Thinking About Law and Creativity: On the 100 Most Creative Moments in American Law

98 Pages Posted: 16 May 2008 Last revised: 3 Jun 2008

Date Written: May 2008


In most cultural contexts creativity is viewed as an unalloyed virtue. Law is different: given the inherently conservative and slow-moving pace of legal evolution, innovation in the law is viewed by many observers as problematic. Yet American revolutionaries, constitutionalists, legislators, chief executives, judges, administrators, scholars and activists have creatively changed the law for over two centuries in mostly positive ways with some admittedly questionable innovations. This article makes a bold new proposal designed to energize and clarify our synoptic thinking about the nature of legal creativity.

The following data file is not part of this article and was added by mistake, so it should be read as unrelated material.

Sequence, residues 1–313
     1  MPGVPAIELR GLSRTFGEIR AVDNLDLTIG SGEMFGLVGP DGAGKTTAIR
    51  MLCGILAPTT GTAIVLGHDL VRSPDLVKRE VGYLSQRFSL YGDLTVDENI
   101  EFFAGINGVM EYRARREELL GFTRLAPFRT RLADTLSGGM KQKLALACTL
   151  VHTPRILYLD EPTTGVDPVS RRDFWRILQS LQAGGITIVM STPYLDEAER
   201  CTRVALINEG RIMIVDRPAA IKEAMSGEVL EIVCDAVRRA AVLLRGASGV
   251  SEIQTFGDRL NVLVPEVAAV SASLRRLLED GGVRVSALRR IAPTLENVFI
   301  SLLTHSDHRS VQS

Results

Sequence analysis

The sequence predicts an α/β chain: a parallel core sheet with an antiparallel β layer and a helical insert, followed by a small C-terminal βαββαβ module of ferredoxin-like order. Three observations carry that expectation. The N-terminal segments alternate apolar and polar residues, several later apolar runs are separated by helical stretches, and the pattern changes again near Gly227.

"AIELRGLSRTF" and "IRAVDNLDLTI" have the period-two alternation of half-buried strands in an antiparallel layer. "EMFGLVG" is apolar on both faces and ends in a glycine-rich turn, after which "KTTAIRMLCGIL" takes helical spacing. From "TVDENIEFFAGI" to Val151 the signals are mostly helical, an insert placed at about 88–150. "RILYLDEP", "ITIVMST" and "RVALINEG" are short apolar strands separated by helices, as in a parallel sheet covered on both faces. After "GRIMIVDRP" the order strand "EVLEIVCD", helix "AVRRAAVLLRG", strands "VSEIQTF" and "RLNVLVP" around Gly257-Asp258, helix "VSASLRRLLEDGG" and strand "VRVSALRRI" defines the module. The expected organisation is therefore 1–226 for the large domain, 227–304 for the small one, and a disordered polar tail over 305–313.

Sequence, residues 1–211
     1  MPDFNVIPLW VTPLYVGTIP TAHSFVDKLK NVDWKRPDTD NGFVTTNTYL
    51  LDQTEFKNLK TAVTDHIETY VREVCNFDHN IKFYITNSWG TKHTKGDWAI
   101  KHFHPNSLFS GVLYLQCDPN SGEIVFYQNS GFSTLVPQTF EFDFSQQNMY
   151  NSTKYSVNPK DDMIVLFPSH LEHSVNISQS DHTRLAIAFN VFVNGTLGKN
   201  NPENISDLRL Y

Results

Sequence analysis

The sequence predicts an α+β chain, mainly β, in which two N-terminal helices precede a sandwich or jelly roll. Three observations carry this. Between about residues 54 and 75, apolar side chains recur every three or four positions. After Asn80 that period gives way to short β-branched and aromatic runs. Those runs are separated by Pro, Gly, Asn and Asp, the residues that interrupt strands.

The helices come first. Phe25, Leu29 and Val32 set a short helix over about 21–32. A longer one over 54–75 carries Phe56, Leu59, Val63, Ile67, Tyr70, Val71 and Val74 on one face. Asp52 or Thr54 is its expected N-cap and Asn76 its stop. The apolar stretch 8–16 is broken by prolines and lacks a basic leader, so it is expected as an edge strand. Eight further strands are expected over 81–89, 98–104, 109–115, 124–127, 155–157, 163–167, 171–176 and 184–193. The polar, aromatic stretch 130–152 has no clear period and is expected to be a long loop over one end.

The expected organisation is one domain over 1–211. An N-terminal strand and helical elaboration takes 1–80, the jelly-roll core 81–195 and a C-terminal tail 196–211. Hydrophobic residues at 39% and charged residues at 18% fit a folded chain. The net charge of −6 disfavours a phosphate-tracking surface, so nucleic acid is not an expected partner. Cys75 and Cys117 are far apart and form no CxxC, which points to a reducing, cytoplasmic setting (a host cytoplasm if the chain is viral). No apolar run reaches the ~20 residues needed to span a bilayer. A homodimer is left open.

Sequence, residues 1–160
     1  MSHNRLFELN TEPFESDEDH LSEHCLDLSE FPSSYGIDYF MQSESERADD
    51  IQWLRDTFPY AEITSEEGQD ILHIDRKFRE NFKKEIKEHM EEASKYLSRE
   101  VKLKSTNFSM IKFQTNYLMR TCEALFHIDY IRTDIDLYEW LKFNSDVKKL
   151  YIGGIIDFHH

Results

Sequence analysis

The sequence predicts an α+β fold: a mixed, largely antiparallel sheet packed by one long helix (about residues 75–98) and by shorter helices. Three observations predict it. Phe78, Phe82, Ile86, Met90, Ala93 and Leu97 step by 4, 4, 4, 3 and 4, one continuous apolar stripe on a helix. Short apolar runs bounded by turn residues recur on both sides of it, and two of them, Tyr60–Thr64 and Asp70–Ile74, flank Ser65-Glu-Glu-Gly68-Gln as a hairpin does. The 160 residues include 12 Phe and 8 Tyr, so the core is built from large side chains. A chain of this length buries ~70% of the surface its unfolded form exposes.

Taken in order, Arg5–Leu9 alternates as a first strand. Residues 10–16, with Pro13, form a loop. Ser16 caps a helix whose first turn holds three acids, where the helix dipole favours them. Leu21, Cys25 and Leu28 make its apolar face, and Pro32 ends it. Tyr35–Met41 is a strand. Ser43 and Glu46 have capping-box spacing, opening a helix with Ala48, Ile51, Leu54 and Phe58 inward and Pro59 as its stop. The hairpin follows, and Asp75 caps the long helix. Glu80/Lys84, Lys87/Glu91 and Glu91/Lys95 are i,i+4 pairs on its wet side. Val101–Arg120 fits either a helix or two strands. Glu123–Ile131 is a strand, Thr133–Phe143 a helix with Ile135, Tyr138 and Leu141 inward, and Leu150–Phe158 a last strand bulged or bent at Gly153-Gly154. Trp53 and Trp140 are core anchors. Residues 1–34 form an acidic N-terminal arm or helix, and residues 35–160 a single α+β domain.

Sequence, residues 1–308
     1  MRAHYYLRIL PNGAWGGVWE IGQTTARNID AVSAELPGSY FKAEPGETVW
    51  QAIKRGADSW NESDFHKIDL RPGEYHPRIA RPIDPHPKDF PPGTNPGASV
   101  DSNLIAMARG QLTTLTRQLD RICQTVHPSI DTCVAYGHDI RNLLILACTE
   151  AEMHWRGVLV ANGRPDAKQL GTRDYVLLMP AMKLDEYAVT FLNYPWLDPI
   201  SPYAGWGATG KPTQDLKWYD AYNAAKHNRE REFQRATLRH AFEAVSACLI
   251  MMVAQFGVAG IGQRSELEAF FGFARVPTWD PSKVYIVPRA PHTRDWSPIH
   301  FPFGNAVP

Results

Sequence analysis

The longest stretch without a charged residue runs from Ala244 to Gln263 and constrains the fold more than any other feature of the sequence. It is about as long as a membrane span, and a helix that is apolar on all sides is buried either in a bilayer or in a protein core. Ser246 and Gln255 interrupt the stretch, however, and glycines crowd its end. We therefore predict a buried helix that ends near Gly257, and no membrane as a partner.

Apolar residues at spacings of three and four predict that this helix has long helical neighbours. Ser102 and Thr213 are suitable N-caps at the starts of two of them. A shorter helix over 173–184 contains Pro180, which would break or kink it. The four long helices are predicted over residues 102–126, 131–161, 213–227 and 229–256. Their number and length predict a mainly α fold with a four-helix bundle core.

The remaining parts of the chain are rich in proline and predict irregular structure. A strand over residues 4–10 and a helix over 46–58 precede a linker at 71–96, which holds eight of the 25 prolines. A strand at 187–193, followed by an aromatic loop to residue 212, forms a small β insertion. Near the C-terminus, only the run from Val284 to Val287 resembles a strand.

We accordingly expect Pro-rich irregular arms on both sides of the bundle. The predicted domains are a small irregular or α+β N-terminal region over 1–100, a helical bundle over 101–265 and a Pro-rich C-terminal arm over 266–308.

Starting with the opinions of numerous eminent legal historians on the most creative moments in Anglo-American law, we will explore the meaning of creative moments in law, and advance to analytically compare legal creativity with other kinds of creativity (corporate, artistic, military and rhetorical). Then we will heuristically entertain a ranking of the top hundred moments in American law and a justification for the ranking.

Keywords: law and creativity, American legal development, legal history

Suggested Citation

Blomquist, Robert F., Thinking About Law and Creativity: On the 100 Most Creative Moments in American Law (May 2008). Valparaiso University Legal Studies Research Paper No. 08-04. Available at SSRN: or

Robert F. Blomquist (Contact Author)

Valparaiso University Law School ( email )

656 S. Greenwich St.
Valparaiso, IN 46383-6493
United States
219-465-7857 (Phone)
219-465-7872 (Fax)

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